Governor Perdue addresses Economic Outlook Luncheon. 4 December 2007
Economic Outlook4 December 2007
Each December this Economic Outlook luncheon gives us a chance to look forward, to prepare for the year to come. I’m slated to give a welcome today, but while I’m here, I’ll fill you in on some of the big issues facing our state.
Our country’s economy is perched in an interesting – some may say perilous – place. From California to New York, many states are facing tough budget times.
California has a $10 billion budget shortfall. And unless they want to deal with a $4.3 billion deficit, New Yorkers need to take a serious look at their checkbooks. Even Virginia, usually a soundly run state, is debating making withdrawals from its reserve to offset $400 million of their deficit. Economists in Florida are forecasting tax collections will be down by $2.5 billion over the next two years.
But the good news is: Georgia is in good shape! We pulled through those tough times a few years ago, fixed our hole in the budget, and have emerged with a strong, vibrant economy. We’ve worked hard to fill up our rainy day reserves – and they are holding strong at a billion and a half dollars.
Now, it’s not all roses and sunshine – several segments and industry sectors are facing serious financial woes, mainly due to the effects of the drought.
But overall, Georgia has the strength, the reserves and the stability to persevere and succeed. We have great economic development assets, like our business-friendly environment and our low tax burden. We also have a world-class ports system that continues to drive economic growth.
Though we have slowed that rapid rate of growth, Georgia’s economy continues to expand. Unemployment remains low. Job growth is above national levels. The Kauffman Foundation ranked us #3 in the country for entrepreneurial activity. Site Selection Magazine ranked us #2 for our business environment.
Our competitive and fair tax structure also helps attract businesses. KPMG recently conducted a study on the competitiveness of 20 states, including Georgia, which compete for jobs and investment. They found that Georgia has the single most competitive tax environment. Our low statutory tax rate, single-sales factor apportionment and job tax credit all help create that business-friendly tax environment.
In the last three months, I’ve announced ground breakings, attended ribbon cuttings and marked the expansion of companies in Jeffersonville, Soperton, Macon, Griffin, East Point, Valdosta, Atlanta, LaGrange, Peachtree City, Columbus and Rincon.
Companies across the country and around the world are taking note that Georgia is open for business. July through October, the Department of Economic Development reported that investments are $637 million, up 30% from FY07.
We remain focused on building up our strategic industry clusters – high-growth areas like Aerospace, Agribusiness, Energy, Healthcare, Advanced Manufacturing, Advanced Communications, Logistics and IT.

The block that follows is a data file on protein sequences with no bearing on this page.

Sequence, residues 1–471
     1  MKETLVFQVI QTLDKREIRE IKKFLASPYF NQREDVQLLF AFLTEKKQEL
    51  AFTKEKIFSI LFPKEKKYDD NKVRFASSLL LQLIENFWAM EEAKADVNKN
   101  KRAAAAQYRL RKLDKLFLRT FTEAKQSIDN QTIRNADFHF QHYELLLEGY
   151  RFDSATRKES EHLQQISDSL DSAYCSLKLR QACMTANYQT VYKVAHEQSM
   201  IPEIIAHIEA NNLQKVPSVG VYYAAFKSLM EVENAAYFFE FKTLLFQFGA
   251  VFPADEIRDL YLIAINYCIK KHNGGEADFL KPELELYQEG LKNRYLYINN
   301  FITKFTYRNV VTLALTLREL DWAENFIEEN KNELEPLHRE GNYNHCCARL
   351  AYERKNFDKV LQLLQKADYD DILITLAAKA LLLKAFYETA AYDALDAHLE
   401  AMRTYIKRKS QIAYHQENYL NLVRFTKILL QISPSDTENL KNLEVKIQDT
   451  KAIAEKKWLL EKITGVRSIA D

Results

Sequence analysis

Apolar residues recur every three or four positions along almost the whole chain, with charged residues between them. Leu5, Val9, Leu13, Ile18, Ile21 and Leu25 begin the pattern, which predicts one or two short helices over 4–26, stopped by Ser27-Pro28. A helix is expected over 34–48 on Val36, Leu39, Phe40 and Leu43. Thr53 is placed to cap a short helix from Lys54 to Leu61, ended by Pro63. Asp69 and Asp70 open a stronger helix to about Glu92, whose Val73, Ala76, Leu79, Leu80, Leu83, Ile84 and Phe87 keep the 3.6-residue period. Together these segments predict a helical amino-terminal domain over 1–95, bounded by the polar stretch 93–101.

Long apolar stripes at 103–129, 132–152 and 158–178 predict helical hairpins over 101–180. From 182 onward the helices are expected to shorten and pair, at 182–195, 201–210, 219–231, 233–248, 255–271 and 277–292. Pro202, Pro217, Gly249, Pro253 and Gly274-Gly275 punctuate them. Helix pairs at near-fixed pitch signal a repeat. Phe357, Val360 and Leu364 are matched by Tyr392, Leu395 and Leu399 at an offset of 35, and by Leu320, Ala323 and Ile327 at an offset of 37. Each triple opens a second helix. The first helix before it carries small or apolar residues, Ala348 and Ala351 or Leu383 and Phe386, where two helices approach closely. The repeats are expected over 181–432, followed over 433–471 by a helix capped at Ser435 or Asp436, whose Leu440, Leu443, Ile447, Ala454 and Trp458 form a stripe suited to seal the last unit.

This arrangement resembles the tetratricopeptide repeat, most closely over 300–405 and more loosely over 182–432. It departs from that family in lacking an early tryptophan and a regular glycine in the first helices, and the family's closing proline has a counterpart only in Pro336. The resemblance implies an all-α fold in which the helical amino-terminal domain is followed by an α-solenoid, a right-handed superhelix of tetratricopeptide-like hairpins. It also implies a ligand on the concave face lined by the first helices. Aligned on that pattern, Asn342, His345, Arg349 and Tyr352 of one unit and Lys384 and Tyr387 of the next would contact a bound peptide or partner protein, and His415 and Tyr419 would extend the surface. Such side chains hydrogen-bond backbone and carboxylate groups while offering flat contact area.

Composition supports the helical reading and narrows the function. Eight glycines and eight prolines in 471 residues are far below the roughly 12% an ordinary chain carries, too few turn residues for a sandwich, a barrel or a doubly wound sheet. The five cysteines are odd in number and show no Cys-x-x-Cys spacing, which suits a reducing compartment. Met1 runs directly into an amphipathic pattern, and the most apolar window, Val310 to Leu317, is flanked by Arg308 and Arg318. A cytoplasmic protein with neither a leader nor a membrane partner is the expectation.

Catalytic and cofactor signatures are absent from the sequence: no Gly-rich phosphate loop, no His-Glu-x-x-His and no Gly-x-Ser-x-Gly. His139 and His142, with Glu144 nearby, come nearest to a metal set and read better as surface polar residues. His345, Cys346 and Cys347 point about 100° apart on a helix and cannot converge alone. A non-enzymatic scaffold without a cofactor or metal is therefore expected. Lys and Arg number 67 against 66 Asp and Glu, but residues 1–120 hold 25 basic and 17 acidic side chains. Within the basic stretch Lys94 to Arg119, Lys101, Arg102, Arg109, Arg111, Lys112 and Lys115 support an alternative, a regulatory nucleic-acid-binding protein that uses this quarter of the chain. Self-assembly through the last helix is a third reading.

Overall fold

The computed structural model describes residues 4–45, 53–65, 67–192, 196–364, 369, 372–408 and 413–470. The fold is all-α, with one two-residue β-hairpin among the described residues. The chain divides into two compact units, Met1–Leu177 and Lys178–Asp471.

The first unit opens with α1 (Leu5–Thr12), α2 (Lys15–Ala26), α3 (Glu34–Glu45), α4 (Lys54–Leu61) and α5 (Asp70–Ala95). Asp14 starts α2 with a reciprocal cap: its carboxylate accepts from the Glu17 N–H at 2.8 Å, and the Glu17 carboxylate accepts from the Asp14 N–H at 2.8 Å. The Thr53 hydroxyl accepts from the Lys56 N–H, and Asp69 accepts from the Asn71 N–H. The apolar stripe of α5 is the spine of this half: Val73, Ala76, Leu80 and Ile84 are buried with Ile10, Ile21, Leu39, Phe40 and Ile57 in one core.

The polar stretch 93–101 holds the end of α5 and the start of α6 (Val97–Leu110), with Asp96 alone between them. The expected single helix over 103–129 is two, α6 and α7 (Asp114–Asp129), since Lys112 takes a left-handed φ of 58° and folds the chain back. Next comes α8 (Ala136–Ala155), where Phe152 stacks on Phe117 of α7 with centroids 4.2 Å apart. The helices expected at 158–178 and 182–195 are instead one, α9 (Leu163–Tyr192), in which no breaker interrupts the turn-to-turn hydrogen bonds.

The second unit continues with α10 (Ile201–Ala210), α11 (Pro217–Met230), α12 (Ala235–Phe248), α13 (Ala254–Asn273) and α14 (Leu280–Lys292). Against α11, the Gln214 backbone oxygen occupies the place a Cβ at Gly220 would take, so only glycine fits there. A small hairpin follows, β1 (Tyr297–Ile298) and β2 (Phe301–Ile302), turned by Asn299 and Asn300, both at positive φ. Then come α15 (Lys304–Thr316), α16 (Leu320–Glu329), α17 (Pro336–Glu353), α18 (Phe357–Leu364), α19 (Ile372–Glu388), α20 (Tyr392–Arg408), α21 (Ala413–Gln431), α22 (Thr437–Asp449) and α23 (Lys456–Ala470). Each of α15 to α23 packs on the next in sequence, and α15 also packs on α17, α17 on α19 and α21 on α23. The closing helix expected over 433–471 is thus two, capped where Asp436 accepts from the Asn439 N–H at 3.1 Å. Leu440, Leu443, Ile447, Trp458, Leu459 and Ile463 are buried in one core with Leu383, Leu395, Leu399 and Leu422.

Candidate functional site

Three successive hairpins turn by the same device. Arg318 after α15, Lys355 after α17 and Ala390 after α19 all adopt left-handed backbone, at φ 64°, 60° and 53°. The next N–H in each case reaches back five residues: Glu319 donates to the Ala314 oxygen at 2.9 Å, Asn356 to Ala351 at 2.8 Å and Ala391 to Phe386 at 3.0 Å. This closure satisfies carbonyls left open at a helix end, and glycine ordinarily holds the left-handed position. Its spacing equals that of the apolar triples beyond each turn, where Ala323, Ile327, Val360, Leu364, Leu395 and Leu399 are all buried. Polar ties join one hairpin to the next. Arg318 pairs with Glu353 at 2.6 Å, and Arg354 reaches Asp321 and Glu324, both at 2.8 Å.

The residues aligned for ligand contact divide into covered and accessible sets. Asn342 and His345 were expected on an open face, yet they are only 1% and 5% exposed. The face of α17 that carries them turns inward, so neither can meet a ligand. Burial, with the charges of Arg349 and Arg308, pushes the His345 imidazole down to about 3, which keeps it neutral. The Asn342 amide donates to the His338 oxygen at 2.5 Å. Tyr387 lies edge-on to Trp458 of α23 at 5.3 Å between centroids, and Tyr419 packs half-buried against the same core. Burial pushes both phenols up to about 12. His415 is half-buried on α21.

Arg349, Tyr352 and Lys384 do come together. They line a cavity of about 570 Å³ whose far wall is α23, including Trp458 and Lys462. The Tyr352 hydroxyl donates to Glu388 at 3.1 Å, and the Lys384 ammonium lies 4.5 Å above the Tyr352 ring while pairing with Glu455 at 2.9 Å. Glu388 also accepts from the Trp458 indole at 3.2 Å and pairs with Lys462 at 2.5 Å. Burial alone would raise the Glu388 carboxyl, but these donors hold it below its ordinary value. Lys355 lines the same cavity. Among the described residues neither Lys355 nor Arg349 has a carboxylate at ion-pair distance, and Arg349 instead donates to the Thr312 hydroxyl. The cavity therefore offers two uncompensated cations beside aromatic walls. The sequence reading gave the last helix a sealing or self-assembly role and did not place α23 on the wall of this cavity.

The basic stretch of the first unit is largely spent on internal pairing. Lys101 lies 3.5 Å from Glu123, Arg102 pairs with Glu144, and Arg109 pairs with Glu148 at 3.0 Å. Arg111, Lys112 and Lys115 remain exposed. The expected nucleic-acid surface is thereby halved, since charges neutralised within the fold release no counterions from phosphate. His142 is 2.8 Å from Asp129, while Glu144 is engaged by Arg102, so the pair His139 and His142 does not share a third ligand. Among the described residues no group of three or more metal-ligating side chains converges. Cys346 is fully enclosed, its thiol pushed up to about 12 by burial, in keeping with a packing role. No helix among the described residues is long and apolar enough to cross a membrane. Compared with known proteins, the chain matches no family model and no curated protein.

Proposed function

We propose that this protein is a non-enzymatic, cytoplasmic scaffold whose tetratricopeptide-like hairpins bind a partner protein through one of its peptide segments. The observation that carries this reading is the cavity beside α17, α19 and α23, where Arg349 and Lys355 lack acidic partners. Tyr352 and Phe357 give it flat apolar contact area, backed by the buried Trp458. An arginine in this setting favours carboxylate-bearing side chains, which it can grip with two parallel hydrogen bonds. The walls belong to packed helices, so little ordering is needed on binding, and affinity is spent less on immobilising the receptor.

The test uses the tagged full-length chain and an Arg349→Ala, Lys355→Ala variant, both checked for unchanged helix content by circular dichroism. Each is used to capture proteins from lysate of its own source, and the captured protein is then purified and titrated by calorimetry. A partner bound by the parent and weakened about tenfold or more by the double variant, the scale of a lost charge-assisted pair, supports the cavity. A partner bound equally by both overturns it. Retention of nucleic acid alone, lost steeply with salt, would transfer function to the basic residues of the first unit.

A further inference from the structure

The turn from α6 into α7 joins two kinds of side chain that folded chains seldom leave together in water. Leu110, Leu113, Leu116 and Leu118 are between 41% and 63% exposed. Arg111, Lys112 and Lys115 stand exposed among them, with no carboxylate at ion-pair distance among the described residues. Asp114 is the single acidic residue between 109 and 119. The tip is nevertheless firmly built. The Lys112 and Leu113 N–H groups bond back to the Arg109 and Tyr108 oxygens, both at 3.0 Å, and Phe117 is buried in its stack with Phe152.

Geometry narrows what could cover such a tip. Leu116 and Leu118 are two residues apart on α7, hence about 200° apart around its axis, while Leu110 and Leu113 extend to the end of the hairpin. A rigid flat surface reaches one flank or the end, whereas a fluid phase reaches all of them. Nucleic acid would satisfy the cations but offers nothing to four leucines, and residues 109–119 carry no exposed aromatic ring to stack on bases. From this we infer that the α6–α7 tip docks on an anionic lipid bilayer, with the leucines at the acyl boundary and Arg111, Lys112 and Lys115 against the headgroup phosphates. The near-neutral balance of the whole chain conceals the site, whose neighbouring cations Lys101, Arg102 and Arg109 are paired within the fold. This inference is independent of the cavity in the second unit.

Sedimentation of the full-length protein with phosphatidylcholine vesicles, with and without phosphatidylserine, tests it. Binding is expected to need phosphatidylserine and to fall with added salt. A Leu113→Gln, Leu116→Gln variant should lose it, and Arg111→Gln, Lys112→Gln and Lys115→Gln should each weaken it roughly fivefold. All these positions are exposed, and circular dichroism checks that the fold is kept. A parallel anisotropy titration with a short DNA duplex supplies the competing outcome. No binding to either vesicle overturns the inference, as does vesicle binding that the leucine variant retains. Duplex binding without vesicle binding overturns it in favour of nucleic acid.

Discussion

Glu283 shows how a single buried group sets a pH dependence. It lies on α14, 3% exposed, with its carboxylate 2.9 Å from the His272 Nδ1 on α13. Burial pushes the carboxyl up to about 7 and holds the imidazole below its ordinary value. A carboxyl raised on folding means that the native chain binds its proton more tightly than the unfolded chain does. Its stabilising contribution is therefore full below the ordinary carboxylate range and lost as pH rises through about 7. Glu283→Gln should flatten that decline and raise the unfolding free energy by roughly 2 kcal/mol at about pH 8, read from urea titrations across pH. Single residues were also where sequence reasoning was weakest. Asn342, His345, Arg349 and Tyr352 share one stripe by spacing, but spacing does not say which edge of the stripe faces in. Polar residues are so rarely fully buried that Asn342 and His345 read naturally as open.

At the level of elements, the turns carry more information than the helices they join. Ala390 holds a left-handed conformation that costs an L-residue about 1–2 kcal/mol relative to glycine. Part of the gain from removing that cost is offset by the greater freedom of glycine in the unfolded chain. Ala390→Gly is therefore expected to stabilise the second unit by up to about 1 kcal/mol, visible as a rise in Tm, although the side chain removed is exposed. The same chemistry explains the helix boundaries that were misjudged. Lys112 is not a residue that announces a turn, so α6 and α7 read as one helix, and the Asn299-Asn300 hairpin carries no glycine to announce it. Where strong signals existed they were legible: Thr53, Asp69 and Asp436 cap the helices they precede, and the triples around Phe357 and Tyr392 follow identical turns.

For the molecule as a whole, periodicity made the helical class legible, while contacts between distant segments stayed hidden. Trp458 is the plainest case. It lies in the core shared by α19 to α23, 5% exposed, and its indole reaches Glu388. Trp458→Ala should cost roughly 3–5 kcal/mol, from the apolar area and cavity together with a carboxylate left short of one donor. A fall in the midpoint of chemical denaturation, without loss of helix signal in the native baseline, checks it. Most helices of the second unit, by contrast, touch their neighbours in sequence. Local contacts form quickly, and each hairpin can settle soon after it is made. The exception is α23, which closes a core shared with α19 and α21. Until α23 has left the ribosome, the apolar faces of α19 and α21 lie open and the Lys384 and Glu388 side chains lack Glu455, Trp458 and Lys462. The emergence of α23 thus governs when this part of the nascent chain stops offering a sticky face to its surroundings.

I’ve gone on three international trade missions this year alone, targeting companies within these industry clusters.
I went to Europe in June, where I visited with pharmaceutical, aerospace and automotive companies. In October I went to Japan and Korea to meet with automotive manufacturers, including prospective Kia suppliers.
I also went to Canada a few weeks ago. There I signed documents with our top trading partner, creating a new alliance between the Southeastern US and seven Canadian provinces.
These relationships are important – because they result in projects like the Kia manufacturing plant in West Point. Speaking of Kia, I’m pleased to report not only that they are moving forward on schedule … but also that their suppliers are coming.
Six Kia suppliers have already committed to bringing a total of 1400 jobs to that area.
The Koreans aren’t the only ones expanding their operations to the United States. Chinese companies are also selecting Georgia as their entry-point to the U.S. market. In just the past year and a half, three major Chinese firms have announced plans to locate to Georgia.
Kingwasong LLC, is now building a plant in Newnan, creating 200 jobs and attracting $12 million in new investment.
In May 2007, China-based General Protecht Group purchased 211 acres of land in Barnesville to assemble and distribute electrical products.
And just this September, Sany, a major heavy construction equipment manufacturer, announced that it will invest $30 million to build its first North American plant in Peachtree City, creating 200 jobs.
I look forward to visiting our partners in Asia in person this coming March – that is, if the legislature behaves….
I intend to fly on the inaugural Delta direct-flight from Atlanta to Shanghai. From there, I will go on to Beijing to open Georgia’s first economic development office in China which will help market our state to the world’s fastest growing economy.